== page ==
Because -- it's really different when you have a Caucasian do something. Nobody says, that's how all them are.
COOPER: Do you think that -- and I don't want to put you on the spot about prosecution and stuff because I know you're thankful that it was brought to trial, but do you think race was not mentioned in this trial and prosecutors went out of their way to say race was not part of this. Do you think that was a mistake? Do you think that was just a strategy? What do you make of that, Ben?
CRUMP: Well, Anderson, I've always thought, and we do thank Angela Corey's office for bringing the case because most prosecutors wouldn't have brought the case, and I thought they got right to the heart of the matter as I've often said. But lawyers have different strategies. They did not want to get into the divisive issue of race. In fact, it was the defense who brought up race and they responded.
And it's interesting now because in the civil rights violation case, we do get to look directly at race which was not addressed in the state case, so it's somewhere where they minute for bad and minute for good, nobody can say we addressed race in the trial and so there should be something that the Department of Justice can look at with fresh eyes.
COOPER: When Mark O'Mara said after the trial was done in the press conference, he said that if George Zimmerman had been black, had been African-American, this would have never been brought to trial. Do you think if George Zimmerman had been black he would have been allowed to go free that night after shooting somebody?
CRUMP: Absolutely not. That's ridiculous. You can go to any courtroom in America, Anderson, and don't take my word for it. Just go sit in the back of any courtroom in America and watch how justices dispensed when it comes to young black males as compared to others in the courtroom. And I believe if the roles were reversed and Trayvon Martin shot George Zimmerman, he would have been arrested right there on the spot, hour one, minute one, second one if he wasn't shot.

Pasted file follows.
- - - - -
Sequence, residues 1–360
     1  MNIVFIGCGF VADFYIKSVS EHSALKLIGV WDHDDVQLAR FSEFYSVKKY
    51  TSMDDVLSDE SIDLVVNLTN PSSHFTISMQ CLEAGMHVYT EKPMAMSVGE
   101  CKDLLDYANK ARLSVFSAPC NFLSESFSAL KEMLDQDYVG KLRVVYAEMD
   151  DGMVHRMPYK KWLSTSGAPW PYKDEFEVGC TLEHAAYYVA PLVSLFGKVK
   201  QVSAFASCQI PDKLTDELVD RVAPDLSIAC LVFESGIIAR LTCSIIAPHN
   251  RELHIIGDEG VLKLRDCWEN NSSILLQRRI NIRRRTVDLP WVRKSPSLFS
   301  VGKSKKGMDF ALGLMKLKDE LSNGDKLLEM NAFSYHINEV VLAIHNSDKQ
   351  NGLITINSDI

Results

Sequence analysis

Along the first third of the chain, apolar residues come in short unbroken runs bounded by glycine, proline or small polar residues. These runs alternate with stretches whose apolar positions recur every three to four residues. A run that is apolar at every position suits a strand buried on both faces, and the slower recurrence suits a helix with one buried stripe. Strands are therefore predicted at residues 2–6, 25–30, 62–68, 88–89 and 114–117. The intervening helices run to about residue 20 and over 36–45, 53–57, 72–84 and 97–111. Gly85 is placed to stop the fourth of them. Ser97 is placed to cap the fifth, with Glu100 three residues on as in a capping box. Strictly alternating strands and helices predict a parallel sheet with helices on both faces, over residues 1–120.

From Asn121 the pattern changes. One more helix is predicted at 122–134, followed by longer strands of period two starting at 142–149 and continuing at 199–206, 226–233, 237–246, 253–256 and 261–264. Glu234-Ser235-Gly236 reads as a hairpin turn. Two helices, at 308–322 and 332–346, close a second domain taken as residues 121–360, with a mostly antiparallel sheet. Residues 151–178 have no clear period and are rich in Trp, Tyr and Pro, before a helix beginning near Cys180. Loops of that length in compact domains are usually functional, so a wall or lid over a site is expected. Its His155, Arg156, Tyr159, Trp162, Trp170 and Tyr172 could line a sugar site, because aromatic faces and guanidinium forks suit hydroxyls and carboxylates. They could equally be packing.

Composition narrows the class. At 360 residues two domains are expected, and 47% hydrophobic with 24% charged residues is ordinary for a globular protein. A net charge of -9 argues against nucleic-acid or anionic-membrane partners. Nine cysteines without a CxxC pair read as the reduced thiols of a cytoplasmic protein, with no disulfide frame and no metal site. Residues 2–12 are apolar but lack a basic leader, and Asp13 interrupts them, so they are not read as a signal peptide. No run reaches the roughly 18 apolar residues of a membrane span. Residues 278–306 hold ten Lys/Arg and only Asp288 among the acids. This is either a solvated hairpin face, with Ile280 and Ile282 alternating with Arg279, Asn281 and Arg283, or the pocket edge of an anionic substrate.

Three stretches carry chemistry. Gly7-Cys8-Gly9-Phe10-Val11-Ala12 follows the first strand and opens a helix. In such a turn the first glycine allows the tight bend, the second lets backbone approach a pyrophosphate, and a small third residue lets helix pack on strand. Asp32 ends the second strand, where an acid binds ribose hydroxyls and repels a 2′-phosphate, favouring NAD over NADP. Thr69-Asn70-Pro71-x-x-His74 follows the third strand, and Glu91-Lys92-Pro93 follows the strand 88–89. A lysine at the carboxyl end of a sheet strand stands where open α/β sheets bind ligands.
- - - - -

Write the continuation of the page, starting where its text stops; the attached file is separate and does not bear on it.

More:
Because when a black man has a gun, it's a different ball game. George Zimmerman had a gun and we saw how he was in the police station, it was almost as if not only did he profile Trayvon Martin but the police profiled him, too. They always took his perspective, never once seemed like did anybody take the dead kid on the ground's perspective.
COOPER: There is another case right now, a woman named Marissa Alexander, in Florida who her husband was abusive to her, has a long history of domestic abuse. She shot a warning shot, argued Stand Your Ground, she got sent to jail after the jury deliberated for 15 minutes, 16 minutes, she got sent to jail for 20 years, for firing -- 12 minutes, excuse me, for 20 years for firing a warning shot. They didn't grant her Stand Your Ground.
CRUMP: And that's why the town hall meeting that you had, Anderson, on your show was so important because we have to talk about these things because when certain people in the community keep saying there's so much inequity in the way the justice system treats us you say, we stop believing.
COOPER: It's interesting though, I do think in -- especially in a lot of communities, a lot of white communities, people kind of roll their eyes and think you know what, we have moved beyond this and it's -- you know, it's unfortunate that this conversation is often one sided. It's often coming from African-Americans. It's not a conversation that's engaged with multiple communities it seems to me.
CRUMP: And that's the beauty of Sybrina and Tracy, and the dignity at which they present themselves on behalf of their son because it's making us have to have this conversation, hopefully as a society. Now some people (INAUDIBLE) say we can think of reasons why we're not going to talk about it. We're just going to blame the victim, let's blame Trayvon, then we don't have to deal with it.
But if you look at it as a parent who cares about children and the young people, you say we can't have this happen to another young person and I think that's what they --
COOPER: Yes. We're going to take one more break and I just want to talk a little bit about the legacy and some of the work that you both are doing to keep Trayvon memories -- Trayvon's memory alive and also to try to change some laws. We'll be right back.
COOPER: We're back now with Tracy Martin, Sybrina Fulton and family attorney, Benjamin Crump.
I -- I don't want to say anything good can come out of this, because I don't believe anything good can come out of this, but what do you want to happen now?
I know you started the Trayvon Martin Foundation.
What are you hoping -- what change do you hope to affect?